Filmklub 2014

FILMKLUB 2014 at Weltmuseum Wien



Atêf Sitanala | Indonesia 2010 | 45 Min. | OmeU

This film gives a rare glimpse into the daily life of a village community on the Island of Ambon (Maluku Islands, Indonesia). Pastor Ina and her husband, Pastor Eddy, are leading a Pentecostal church community in the village of Suli. Almost every day they are confronted with cases of spirit possession, which are a well-known phenomenon called ‘Kesurupan’ or ‘Kemasukan’ in Indonesia. Yanti is one person they try to help, who claims to be possessed by ancestral evil spirits. These notions of different exorcisms are embedded in the traditional customary law Adat, which is connected to an unseen world of ancestors. The film puts focus on the Pentecostal point of view on these issues and how they deal with them as they influence everyday life.   

Erminia Colucci | Great Britain 2012 | 13 Min. | OmeU

Set in a village in Puglia in the south of Italy, „Songs of Memory, Songs of Loss“ is a personal ethnography documenting the search of a young woman to understand, since her childhood, her grandfather through the songs he sang as a prisoner during World War II. Now suffering from dementia, these songs represent the only window into her grandfather’s otherwise clouded mind.


Pary El-Qalqili | Germany 2012 | 70 Min. | OmeU

The Turtle’s Rage tells the mysterious story of a man, whose life evolves around escape, displacement, exile and the failed attempt to return to Palestine. A biography that is torn by the Israeli-Palestinian conflict, and a daughter who is looking for answers he is, more often than not, incapable of providing. The narrative evolves around the journey of father and daughter through Egypt, Palestine and Jordan. There are quarrels at the airport, there is singing with taxi drivers, lonely nights in hotels, negotiations at abandoned gas stations and beer drinking in the Naqab desert. The Turtle’s Rage leaves us with little answers but offers a space to think in between sterile categories such as perpetrator and victim, good and evil and black and white.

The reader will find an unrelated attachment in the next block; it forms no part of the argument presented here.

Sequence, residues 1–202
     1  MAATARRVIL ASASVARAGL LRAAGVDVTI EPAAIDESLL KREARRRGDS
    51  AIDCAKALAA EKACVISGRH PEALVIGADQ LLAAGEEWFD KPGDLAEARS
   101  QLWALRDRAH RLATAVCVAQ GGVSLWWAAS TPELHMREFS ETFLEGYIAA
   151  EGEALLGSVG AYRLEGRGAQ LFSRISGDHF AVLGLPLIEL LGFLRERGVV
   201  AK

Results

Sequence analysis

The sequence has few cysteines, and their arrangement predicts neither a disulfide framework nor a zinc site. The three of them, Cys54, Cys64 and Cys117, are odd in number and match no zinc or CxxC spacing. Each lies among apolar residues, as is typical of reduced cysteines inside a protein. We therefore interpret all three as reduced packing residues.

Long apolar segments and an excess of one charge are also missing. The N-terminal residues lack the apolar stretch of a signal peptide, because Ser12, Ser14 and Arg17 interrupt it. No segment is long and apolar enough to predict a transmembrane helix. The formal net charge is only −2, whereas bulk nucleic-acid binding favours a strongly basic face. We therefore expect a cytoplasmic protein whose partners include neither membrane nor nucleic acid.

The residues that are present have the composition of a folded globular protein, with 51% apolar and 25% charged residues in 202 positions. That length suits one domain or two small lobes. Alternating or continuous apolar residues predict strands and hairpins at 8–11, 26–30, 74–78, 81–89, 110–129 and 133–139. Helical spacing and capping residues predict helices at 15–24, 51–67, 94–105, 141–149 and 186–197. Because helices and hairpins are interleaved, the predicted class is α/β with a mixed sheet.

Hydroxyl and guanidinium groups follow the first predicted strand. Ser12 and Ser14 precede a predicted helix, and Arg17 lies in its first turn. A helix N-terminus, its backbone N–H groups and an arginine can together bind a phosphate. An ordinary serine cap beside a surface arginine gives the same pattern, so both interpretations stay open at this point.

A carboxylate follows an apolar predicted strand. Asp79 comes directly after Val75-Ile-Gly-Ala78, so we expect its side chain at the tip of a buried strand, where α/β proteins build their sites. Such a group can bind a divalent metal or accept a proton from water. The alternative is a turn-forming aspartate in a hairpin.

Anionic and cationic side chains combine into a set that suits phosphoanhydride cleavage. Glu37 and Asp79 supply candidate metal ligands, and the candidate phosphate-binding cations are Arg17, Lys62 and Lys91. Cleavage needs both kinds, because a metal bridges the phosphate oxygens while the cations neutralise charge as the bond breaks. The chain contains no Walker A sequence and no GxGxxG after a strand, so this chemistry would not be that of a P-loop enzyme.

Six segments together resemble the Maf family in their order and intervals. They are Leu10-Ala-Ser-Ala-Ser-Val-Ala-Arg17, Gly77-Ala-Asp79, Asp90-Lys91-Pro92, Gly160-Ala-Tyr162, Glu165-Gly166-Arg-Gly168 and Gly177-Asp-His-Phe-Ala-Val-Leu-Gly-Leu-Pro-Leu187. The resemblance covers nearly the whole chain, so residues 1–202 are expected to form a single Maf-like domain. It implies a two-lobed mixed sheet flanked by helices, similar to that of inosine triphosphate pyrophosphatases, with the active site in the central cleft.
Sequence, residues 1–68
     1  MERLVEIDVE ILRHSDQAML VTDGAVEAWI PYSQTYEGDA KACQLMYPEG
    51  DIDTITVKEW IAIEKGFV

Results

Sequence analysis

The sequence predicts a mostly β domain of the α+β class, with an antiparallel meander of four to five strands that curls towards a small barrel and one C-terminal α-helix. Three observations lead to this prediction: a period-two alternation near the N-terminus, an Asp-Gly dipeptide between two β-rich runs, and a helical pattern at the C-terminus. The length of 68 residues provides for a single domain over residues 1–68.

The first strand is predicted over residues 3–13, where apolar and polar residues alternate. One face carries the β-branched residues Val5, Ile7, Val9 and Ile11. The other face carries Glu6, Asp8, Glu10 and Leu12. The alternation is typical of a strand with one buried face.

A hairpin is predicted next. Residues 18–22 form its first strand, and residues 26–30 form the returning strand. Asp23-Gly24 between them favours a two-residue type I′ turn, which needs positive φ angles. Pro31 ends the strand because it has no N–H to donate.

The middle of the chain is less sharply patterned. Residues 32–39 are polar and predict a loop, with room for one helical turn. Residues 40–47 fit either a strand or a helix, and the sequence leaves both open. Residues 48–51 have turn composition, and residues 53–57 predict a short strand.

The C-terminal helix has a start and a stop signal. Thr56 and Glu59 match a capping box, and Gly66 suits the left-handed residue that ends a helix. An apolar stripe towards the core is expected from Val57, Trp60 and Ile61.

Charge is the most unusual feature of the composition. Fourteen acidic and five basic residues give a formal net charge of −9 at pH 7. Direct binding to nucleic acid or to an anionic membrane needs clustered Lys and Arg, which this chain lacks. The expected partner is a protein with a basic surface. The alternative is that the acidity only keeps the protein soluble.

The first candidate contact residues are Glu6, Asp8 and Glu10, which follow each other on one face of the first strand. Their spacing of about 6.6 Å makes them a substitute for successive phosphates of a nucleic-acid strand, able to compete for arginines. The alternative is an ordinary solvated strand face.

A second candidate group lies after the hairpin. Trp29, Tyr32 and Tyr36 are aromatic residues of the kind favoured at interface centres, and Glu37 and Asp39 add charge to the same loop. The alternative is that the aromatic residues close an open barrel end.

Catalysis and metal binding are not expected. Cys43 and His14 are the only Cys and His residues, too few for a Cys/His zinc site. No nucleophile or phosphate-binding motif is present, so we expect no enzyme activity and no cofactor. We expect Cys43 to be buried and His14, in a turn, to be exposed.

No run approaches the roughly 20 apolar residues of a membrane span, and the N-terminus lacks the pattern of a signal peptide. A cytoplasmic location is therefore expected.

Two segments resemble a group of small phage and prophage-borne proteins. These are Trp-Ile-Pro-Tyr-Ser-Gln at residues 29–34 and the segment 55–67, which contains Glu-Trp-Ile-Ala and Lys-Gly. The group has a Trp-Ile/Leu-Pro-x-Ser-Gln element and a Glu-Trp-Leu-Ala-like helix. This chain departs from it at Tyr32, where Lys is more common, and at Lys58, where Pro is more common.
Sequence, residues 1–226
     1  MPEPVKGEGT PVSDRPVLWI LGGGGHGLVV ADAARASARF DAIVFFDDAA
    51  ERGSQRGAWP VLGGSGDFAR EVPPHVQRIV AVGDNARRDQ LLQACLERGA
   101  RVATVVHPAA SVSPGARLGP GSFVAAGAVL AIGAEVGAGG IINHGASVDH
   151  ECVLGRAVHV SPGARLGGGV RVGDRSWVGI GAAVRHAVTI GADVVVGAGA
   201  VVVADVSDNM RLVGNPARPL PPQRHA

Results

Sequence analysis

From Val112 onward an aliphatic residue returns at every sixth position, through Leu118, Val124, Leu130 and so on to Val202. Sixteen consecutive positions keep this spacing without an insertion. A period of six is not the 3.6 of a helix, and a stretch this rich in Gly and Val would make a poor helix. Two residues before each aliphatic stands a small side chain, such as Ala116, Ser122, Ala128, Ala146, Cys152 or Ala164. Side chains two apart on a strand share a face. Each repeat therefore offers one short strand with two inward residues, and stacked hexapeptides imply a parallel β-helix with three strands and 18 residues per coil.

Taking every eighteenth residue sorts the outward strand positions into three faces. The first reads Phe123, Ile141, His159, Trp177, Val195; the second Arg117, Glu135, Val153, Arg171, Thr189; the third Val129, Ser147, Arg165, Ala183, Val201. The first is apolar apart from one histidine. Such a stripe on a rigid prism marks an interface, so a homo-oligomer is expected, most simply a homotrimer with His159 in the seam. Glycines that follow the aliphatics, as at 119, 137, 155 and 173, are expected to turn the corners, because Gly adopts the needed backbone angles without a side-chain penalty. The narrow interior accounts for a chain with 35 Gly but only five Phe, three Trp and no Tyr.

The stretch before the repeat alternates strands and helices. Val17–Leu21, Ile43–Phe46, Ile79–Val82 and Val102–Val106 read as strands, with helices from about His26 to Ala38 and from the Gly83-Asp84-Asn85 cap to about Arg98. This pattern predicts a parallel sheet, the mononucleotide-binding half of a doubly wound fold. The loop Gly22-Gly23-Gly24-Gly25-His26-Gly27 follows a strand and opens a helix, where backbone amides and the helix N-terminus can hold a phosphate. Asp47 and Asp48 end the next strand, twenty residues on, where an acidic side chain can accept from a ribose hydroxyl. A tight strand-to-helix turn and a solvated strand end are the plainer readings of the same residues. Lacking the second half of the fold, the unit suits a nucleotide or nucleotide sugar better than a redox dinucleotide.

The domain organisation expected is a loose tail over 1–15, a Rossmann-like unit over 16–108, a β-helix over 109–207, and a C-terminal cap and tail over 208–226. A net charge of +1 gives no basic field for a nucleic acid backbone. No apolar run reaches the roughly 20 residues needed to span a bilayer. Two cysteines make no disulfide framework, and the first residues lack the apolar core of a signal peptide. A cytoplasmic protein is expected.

Kim Longinotto | India 2010 | 96 Min. | OmeU 

“I am the messiah of women! I am more powerful than the police!” – Sampat Pal. Meet the Gulabi Gang, a group of women dressed in defiantly pink saris, railing against India’s patriarchal caste system. They are led by Sampat Pal, a former child bride who now fights the subjugation and institutionalised beating of women. A divisive figure, she is at once a saviour for the mistreated, as well as a shameless self-promoter acutely aware of her own celebrity.  UK filmmaker Kim Longinotto (Rough Aunties, MIFF 2008) refuses to deify Pal for her good deeds or condemn her for her faults, opting instead for an objective and complex portrayal. Social injustices collide with larger-than- life characters as Longinotto reveals a side of India too often ignored.


Ronny Trocker | Italy 2012 | 56 Min. | OmeU

“I grew up as part of the German-speaking minority in the north of Italy. Being part of a minority means to foremost be different from others. To be able to distinguish oneself seemed a matter of surviving. From this perspective, our country’s history has been told to us over and over again. An almost obsessive look at our own past that left little space for other perspectives.” The film takes a trip through South-Tyrol and presents the filmmaker’s personal view of the country in search of untold stories, while he does not serve the claim of producing a complete perspective.


Ward Collin | India, Belgium 2013 | 41 Min. | OmeU

On the vast plains of South-East India lies a village with a special connection to Belgium: Sevapur. In 1968, Belgian Lea Provo had a dream to build a village for the poorest and casteless. She sold all her possessions and moved to India to start a community based on equality and self-sufficiency. 15 years after ‘Mother’ Lea’s death,Motherless’ tells the story of four people who still live and work in Sevapur. Through testimonies and memories the film recreates the story of the unknown ‘Mother’ Lea who acquired an almost godlike status in her village. Having to stand on their own feet, the people of Sevapur now face the harsh reality in a changing world. What remains of Lea’s dream?

Vaidehi Chitre | India 2012 | 38 Min. | OmeU

Als Nachkommen indigener Bevölkerungen Mumbais, steht die ostindische Gemeinschaft vor der Tatsache ihr Land rapide an Akteure im staatlichen sowie privatwirtschaftlichen Sektor zu verlieren, die dieses als rentalbe Grundstücke sieht. Für die Gemeinschaft als ganzes, besonders in städtischen Gegenden bedeutete das den Verlust einer wertvollen Verbindung zu jenem Boden, an dem auch Kultur und Geschichte gebunden sind. Aber für viele, besonders jene in ländlichen Gegenden wie Dharavi Island, bedeutete es vielmehr auch die Bedrohung ihrer Existenz.


Lalita Krishna | India, Canada 2012 | 74 Min. | OmeU